New York, NY 10010
11. JBird: I would not say finally we have a good reason to go out uptown because I would lie, but at least we got a cocktail bar. The empty venue might be due to the fact it is Tuesday night, still I wish there was more people so I could have truly enjoyed this UES bar. Really easy cocktail menu when you are lost where you can choose between ‘Sours’, ‘Old-fashioned’, ‘Fizzes’, or ‘Aromatized’ cocktails.
Urban food-crawl is all about getting the best of a single dish or area. My first crawl is dedicated to tacos. Since my first trip to California in March 2012, I’ve been obsessed with this Mexican dish. I would say even more with fish tacos. But the real ones, not those fake crispy tacos you can have at Taco Bell or any other bad Tex-Mex restaurant.
For my friends overseas, what is a good taco? Pork, chicken, shrimp, salmon or even lobster, onions, cilantro, salsa and avocado for the California version wrapped into a fresh homemade corn or flour tortilla. Since I am in NYC I’ve been tracking the best one. This is not California, I agree, but you can still find great options in the Big Apple.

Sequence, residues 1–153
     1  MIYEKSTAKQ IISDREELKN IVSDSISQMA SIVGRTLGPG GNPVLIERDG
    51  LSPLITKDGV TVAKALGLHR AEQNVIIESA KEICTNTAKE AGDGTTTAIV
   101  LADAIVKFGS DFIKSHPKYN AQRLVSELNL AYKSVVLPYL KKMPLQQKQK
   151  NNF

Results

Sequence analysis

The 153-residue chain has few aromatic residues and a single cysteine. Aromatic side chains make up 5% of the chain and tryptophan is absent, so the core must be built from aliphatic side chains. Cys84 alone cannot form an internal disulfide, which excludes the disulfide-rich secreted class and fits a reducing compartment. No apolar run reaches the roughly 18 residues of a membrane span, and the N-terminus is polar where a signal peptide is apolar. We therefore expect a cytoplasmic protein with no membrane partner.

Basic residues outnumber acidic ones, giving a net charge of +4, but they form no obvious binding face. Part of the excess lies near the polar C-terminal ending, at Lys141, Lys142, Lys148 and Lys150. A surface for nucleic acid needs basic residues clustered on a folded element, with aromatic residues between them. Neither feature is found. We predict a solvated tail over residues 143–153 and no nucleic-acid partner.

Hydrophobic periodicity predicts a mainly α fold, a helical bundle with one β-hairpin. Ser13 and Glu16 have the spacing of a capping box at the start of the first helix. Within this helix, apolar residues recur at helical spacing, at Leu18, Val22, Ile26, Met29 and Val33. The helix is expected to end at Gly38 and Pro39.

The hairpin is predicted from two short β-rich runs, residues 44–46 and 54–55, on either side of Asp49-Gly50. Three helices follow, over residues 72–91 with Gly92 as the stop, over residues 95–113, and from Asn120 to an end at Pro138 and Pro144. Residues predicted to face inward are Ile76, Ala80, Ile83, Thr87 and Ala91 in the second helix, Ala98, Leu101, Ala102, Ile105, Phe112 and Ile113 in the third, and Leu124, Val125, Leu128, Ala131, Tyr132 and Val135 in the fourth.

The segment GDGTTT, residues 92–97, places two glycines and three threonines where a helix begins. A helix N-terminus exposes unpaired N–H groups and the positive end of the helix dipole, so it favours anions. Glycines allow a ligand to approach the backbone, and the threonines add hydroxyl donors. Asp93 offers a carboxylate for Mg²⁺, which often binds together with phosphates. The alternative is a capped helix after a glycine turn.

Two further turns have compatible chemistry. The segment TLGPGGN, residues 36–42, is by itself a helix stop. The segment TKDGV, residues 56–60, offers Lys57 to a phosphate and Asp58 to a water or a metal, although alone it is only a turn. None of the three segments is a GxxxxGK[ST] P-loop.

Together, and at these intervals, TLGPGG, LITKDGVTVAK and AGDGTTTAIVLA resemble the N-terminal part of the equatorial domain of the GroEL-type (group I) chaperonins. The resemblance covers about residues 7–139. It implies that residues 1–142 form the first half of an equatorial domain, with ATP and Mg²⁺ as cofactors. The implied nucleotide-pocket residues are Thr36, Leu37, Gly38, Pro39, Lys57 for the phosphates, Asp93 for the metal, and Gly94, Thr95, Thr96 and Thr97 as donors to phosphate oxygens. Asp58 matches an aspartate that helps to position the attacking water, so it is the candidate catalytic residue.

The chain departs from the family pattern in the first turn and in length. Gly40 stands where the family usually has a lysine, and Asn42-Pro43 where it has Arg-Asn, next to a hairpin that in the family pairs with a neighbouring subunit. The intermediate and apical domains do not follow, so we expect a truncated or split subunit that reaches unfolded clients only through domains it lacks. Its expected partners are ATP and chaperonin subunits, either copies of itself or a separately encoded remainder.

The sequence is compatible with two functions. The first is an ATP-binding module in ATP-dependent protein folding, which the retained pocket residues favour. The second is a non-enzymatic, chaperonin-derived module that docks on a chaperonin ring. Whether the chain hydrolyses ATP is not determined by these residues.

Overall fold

1. Ofrenda: great spot in West Village, the restaurant is trendy, awesome cocktails, authentic fish tacos made of tilapia baja style ($12 for 2). A go-to!
113 7th Ave S
New York, NY 10014
2. Empellon Cocina, East Village: a whole chapter should be dedicated to Empellon Cocina. Acclaimed by the press to be one of the best new restaurants in town, I do agree. The tacos are really simple, maybe too much at the first sight with its sea scallops and caramelized cauliflower. A bit expensive ($16 for 2), but extremely tasty, having sea scallops in a tacos does worth the price.
3. La Esquina, Nolita : go for lunch at the Café. The restaurant is actually way nicer than the outdoor area. Get the fish tacos, really tasty, with red cabbage that makes it taste different ($9 for 2). The corner Deli, a bit tacky, is one of the three restaurants at the same spot. Come by night, a hidden restaurant, La Brasserie, opens downstairs. Reservation 3 weeks ahead though…
La Esquina, Café
New York, NY 10012
4. Dokebi Bar & Grill, Williamsburg: If you are looking for a Korean BBQ place, head to Williamsburg. This restaurant has such good vibes, and the music playlist is so much better than any Korean joint you will ever find in the depressing Korean town. But the surprise is the Korean style tacos. Go for the fish taco, battered white fish, only $4 each, with plenty of other options. It doesn’t look Korean at all, with its apparent brick wall, modern art wall and its red Vichy tablecloths. If you like kimchi and fish tacos you will love this nice fusion.
Dokebi Bar & Grill
199 Grand St